Sir Geoffery did what he could for his wounds (aha! First aid talent - +6 on INT and I’m going to rule that he can heal 1d6 per level of saving roll made each day) – rolls 4 and 3, INT 18 + talent 6 +dice roll 7 = 31 so makes L3 and heals 3 points of injury – CON up to 73) and then grimly pressed on…
The knight felt he was due some treasure after taking out two powerful fiends.He searched the now decayed room but found nothing more than a way out of the castle, given that he had 100’ rope with him and the drop was only 40. His magi-map took care of the details. ‘Gadzooks!’ he muttered, addicted as he was to these archaic expletives.
He went out into a dismal rat-infested corridor and went east to a door that took him into what was a surprisingly well maintained chapel. His hackles rose – what sort of deity would be worshipped in a place like this? He examined from a distance a leather bound book on a lectern and decided that the serpent depicted on the cover swallowing its own tail was a sign of something terrible to come, should the book be unlocked. Instead, he choose to examine the scene on the stained glass window which showed a knight and a girl illuminated by bright light from behind the glass.
He rather fancied that he should have such a girl fawning on him but was startled out of his reverie when the glass shattered and a hook-beaked demon fell upon him. It was only his armour that saved him from shards of glass. Pretty tough but he made short work of the evil monster with the yellow eyes, suffering one more point of spite damge. He kicked its corpse petulantly just before it dissolved in foul-smelling steam and seeped through the floor.
Now he did get a reward. Behind the glass was a chamber with a small chest tended by the ghostly figure of the knight in the picture. He was quite obviously grateful that the demon had been disposed of and Sir Geoffery found 6,000 GPs in the chest along with 3 gems and a diamond bracelet set in silver. He figured this was as safe a place as any to leave his booty as he was not going to lug the chest around this death-trap of a castle with its vicious denizens.
He left the chapel and back out into the corridor he found a rusty yet sturdy ladder leading up to a thickly webbed ceiling. After testing his weight on the lower rungs, he ascended slowly, expecting arachnid attention at any moment.
None came. He was lucky. He emerged into a musty dark chamber which his lantern could hardly penetrate. Again, he thought, this is an omen of malevolence ahead. He moped his brow and investigated, scimitar in hand. What he discovered were a number of small chests and a sarcophagus – and something moving about in the darkness!
de Boyks did not hesitate. He made for the sarcophagus and opened the lid. Maybe he could get anything inside to fight with the lurker. The lid was lifted easily and he made out some sort of weapon inside. The creature somewhere in the darkness did not attack and in a rush of blood Sir Geoffery reached for the weapon!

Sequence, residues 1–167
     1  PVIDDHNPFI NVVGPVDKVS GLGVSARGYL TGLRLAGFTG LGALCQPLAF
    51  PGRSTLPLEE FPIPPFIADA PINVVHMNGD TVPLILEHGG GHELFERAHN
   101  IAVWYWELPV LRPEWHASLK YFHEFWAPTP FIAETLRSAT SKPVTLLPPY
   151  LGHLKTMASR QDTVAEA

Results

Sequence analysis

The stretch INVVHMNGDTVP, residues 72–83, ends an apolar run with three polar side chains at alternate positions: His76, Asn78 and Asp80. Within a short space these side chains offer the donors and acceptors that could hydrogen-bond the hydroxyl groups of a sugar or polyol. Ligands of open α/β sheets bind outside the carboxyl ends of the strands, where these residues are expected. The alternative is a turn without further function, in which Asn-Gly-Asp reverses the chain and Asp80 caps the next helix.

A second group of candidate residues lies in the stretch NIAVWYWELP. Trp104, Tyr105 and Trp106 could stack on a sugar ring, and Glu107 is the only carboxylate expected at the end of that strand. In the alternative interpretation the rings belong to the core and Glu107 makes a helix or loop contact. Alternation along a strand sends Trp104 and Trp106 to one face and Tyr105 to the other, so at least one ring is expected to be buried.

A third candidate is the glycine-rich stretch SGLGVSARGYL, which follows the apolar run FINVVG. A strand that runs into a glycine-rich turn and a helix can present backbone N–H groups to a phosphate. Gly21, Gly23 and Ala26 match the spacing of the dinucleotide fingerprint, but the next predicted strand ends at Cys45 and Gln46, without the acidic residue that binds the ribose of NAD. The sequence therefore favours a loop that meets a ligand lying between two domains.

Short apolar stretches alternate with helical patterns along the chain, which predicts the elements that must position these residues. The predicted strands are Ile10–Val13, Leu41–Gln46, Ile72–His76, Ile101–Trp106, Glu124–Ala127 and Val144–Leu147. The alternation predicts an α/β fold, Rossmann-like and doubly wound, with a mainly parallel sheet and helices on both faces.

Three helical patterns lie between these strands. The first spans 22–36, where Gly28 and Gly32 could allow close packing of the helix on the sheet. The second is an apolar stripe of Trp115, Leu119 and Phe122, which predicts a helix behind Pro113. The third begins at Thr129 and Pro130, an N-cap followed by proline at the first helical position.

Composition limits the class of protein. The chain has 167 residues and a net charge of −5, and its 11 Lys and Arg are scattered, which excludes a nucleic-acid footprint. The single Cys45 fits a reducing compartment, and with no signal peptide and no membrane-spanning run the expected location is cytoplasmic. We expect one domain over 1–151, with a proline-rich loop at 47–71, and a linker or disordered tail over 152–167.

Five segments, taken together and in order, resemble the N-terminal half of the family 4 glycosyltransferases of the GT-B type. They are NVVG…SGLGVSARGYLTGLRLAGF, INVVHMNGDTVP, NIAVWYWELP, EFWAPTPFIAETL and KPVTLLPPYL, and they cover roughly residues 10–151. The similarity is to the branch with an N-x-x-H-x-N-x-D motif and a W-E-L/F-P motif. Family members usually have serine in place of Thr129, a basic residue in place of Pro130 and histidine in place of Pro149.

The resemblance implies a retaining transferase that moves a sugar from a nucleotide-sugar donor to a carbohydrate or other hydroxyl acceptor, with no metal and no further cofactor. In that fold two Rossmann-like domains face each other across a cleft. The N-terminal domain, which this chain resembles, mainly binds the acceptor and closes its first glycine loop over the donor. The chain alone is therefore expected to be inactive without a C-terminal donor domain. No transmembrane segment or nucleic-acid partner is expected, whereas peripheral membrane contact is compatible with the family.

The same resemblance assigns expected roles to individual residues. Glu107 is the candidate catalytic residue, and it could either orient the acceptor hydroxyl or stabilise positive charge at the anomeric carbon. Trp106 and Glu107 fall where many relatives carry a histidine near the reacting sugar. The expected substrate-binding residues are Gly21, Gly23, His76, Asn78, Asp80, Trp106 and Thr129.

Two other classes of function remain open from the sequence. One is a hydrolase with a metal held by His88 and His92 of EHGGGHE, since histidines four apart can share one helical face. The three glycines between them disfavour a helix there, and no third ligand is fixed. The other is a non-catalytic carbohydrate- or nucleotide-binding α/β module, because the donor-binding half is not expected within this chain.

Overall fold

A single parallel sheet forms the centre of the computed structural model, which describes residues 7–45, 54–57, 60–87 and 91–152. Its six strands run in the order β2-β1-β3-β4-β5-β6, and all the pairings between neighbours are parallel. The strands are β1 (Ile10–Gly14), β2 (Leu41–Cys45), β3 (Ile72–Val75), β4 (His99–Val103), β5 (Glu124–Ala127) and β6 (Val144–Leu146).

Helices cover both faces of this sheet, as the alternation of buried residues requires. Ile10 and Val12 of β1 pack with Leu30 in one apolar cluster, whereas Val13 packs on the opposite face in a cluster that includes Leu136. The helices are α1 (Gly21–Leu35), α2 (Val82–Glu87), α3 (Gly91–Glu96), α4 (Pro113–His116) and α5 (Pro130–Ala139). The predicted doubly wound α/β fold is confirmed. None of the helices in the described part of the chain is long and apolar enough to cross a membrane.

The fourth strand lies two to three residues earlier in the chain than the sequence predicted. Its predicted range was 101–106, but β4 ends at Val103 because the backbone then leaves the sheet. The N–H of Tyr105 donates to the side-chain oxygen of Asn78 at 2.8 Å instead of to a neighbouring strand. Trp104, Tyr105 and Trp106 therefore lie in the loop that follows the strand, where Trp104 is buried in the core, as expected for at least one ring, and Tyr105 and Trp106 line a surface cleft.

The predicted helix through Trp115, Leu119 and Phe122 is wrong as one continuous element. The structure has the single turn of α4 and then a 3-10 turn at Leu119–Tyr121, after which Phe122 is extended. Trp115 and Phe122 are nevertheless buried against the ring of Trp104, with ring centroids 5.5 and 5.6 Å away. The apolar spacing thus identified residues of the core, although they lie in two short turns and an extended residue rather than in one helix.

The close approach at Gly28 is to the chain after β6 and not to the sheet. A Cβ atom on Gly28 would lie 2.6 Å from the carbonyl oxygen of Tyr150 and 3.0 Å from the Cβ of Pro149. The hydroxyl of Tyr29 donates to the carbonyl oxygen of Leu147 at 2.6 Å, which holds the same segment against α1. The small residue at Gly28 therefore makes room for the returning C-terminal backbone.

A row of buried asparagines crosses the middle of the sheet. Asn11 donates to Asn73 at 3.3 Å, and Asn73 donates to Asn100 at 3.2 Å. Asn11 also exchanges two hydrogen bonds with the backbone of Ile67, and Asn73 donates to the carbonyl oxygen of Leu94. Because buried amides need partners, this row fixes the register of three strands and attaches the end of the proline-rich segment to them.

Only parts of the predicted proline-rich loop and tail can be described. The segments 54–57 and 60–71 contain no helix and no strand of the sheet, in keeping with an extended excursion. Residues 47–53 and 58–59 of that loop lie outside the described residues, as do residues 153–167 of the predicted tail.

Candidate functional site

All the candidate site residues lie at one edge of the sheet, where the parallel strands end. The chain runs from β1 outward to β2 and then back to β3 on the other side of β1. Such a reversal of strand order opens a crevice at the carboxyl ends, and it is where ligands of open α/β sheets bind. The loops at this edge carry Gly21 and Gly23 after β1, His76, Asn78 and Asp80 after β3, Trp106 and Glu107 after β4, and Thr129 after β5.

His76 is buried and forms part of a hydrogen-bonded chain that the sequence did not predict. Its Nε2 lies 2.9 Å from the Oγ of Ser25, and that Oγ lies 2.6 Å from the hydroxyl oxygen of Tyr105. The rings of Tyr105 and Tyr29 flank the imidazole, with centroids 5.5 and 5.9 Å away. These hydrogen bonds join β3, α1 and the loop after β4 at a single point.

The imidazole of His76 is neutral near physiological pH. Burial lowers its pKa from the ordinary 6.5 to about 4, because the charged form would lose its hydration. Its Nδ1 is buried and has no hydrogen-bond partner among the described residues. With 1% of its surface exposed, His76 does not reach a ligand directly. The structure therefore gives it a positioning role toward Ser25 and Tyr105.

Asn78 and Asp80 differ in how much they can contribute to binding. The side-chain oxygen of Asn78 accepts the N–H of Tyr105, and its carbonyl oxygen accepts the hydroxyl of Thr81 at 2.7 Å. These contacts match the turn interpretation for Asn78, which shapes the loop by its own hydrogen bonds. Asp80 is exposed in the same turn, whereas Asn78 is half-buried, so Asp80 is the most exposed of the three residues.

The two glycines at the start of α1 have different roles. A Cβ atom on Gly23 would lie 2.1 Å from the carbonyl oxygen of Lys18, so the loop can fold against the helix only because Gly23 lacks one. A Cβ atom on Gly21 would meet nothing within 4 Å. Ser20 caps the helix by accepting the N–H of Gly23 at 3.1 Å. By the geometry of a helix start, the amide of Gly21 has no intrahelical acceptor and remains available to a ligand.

Suddenly from the gloom a large clay golem chose to attack him! The knight swung into battle mode and chopped away like a lumberjack. The golem did not damage easily. Even though Sir Geoffery was on top, the thing would not go down and it took him 4 solid minutes of hacking (8 rounds) to reduce it to little lumps of mud. He had taken 26 (!!) points of spite damage in the forging his way to victory and de Boyks blood spattered the room. His CON was down to 46 – he was still going to be hard to kill but he was feeling powerful sore.
Back to business. Despite the webbing, he searched the three small chests and found a ring in each. With no magic to asses them, he blindly slipped them on, one after the other. The first added 3 to STR (yay! Back up to L6) and the other two added one to CON and SPD. Sir Geoffery was satisfied – his scars would be worth it! Not content with this, he retrieved the weapon from the sarcophagus – a mighty bonesplitter, getting 21d6 plus 18 (double against the undead) – woo hoo! Although the sword was intended as a two-handed weapon (house rule) as Sir Geoffery had more than double the STR and DEX required he could wield it effectively in one firm hand (house rule: he doesn’t ye tget his warrior’s bonus of an extra dice per level as he has not yet mastered the new weapon).
To make a good day great, he finally uncovered 2,000 gold coins in a sack that made them weigh only 50! Party on, de Boyks!
The big treasure haul coupled with his wounds determined his course. Sir Geoffery retrieved the other chest with the 6,000 gold pieces and made his way out of the castle with the aid of his silk rope. The only downside was having to cut it as he could not untie it at the top. He intended to return so he severed the silk at waist height and hoped there it would stay. He still had over 60’ of good quality rope.